“Dark Justice” star Che Holloway, right, gets cuffed in the first installment of “Dark Justice.” (Funny or Die)

A seemingly endless stream of videos documenting police brutality show exactly why we need movements like Black Lives Matter to push for reform in our justice system.

But while the issues at stake are deadly serious, when it comes to framing and articulating them comedy can be a useful tool. “Dark Justice,” a new show on the website Funny or Die, wades deeply into the treacherous waters of racism and manages to bring humor to the surface.

The storyline revolves around the travails of Amir Johnson, the first black officer in a small-town police department.

“Content-wise, the show was inspired by the Black Lives Matter movement and the conversation being had in America about police and racism,” “Dark Justice” creator Mike Gerbino told Truthdig. He said he not only wanted to contribute to the conversation, he wanted to help relieve racial tensions by getting people to laugh a little while they ruminate on what’s happening.

Gerbino, who comes from a police family and a hip-hop background, said he believes he’s found a balanced way to tell the “Dark Justice’ story.

The show begins with a satirical take on the difficulties of being the only black officer in a police department. In the first episode, Johnson, played by Che Holloway, is shot by his partner while investigating a home invasion because the white officer forgets he has a black co-worker and assumes he’s shooting the criminal.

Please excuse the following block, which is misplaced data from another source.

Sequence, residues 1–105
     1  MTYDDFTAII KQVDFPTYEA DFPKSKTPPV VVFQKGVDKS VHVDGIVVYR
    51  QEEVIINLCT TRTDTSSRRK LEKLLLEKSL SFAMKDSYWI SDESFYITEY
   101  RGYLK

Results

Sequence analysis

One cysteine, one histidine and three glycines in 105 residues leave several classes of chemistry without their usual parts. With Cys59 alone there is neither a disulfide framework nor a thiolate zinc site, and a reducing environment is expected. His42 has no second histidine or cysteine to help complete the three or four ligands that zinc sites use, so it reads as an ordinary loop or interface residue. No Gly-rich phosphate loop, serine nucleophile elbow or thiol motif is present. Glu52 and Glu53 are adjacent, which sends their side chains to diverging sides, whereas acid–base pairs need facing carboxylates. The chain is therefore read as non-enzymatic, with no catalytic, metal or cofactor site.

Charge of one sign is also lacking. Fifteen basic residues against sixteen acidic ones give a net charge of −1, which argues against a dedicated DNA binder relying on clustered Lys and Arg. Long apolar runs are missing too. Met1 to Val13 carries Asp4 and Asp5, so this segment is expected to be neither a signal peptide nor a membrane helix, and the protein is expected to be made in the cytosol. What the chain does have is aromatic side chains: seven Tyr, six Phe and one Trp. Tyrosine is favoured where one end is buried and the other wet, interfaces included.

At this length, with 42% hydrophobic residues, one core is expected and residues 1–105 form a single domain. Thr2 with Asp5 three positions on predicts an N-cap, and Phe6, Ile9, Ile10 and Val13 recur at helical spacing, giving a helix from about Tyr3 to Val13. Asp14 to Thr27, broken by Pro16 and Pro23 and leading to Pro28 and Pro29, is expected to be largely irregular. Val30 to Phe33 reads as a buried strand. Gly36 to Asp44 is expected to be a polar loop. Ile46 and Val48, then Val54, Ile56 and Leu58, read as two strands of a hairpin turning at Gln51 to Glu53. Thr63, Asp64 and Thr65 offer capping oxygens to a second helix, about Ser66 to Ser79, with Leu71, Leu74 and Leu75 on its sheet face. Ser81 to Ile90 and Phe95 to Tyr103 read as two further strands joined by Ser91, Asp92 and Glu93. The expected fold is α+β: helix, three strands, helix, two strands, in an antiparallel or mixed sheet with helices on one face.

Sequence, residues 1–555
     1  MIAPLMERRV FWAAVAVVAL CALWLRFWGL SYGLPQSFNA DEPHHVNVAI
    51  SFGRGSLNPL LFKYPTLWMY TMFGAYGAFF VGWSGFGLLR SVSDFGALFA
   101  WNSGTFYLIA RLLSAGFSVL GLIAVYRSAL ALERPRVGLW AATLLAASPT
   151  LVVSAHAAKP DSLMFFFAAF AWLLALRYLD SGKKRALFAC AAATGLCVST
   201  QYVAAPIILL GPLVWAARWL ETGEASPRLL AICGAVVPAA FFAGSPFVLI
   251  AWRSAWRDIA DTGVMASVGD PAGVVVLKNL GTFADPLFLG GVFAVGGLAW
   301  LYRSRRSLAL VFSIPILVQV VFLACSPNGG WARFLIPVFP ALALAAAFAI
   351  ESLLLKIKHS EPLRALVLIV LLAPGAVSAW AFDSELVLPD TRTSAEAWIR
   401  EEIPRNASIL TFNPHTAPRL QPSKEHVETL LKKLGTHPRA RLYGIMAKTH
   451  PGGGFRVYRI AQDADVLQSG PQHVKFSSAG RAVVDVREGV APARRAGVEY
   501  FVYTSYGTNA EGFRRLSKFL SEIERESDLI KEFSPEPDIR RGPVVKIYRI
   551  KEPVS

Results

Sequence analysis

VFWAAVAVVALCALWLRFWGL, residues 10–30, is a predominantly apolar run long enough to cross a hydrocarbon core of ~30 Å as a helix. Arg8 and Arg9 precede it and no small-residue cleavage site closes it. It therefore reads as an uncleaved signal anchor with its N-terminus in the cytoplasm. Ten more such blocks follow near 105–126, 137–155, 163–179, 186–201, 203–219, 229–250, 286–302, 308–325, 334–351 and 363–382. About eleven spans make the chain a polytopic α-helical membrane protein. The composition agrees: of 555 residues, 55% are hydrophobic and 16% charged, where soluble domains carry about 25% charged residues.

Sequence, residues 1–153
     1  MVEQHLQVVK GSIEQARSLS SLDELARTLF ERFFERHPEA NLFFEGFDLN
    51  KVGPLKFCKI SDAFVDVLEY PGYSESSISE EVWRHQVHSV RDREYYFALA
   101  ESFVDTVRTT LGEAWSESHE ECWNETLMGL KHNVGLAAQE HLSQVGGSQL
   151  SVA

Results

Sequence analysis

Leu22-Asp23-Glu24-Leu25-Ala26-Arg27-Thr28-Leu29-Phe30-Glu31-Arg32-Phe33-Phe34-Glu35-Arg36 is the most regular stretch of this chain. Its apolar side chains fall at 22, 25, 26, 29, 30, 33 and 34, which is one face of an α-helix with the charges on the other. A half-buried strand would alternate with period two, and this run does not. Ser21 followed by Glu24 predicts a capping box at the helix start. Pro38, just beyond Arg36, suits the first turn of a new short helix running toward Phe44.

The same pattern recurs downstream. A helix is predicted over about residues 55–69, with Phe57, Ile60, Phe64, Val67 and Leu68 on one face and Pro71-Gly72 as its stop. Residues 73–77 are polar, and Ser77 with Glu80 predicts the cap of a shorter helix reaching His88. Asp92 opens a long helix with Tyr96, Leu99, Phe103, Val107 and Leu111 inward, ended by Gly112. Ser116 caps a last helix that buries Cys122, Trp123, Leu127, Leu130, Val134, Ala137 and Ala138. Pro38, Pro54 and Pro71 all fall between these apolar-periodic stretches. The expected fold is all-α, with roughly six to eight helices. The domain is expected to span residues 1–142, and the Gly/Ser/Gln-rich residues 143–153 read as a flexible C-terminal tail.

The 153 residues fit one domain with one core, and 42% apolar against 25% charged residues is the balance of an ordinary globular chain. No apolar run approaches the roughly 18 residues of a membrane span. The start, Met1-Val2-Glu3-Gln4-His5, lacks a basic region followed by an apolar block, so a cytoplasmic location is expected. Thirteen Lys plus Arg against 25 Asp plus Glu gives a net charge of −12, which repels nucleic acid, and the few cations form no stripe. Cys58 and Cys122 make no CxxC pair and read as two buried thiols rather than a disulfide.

As season one continues, other aspects of recent racial tensions are analyzed. In a later episode, when Johnson goes to court over the shooting, he arrives—in his uniform—with a lawyer wearing a bright dashiki. When the judge spots the lawyer coming in with the cop, he shouts, “Guilty! Guilty!”

Gerbino said season two will immerse viewers more deeply in the conversation about race, adding that he doesn’t see any limits on how far the show can take racial humor.

“With that said, there is such thing as good story telling, and I want to keep the comedy consistent with the tone of the show and the world it exists in,” he said.

“I’m also white, so I don’t want to overstep my personal boundaries and the limitations that come from having a white guy’s perspective,” Gerbino said. “There might just be things I wouldn’t feel confident satirizing because it’s not my place to do it.”

Gerbino said he was influenced by shows such as the police comedy “Reno 911!” and the edgy cartoon “The Boondocks,” but “Dark Justice” has a lighthearted, innocent flavor that goes beyond those influences.

Though Gerbino tries to avoid making statements that aren’t his to make, he doesn’t want to hold back when it comes to exposing the absurdities of racism. “Story-wise, the show is going to go to some surprising places,” he said. “It might get a little uncomfortable.”

Holloway, who plays the lead character, said, “The good thing about ‘Dark Justice’ is that it does a fine job of bringing up the issue of race relations without beating it over your head. It’s also very unique and edgy, because we are tackling such a heavy, important topic in an almost absurdist, Looney Tunes-like approach,”

Gerbino said audience response has been mostly positive, but he realizes that not everyone will find humor in the struggles of black citizens or police officers.

“Hard-core activists, as well as police officers, aren’t known for their impeccable senses of humor, so I expect the response to be a little more varied as time goes on,” he said.

Take a look at “Dark Justice” below (via Funny or Die):

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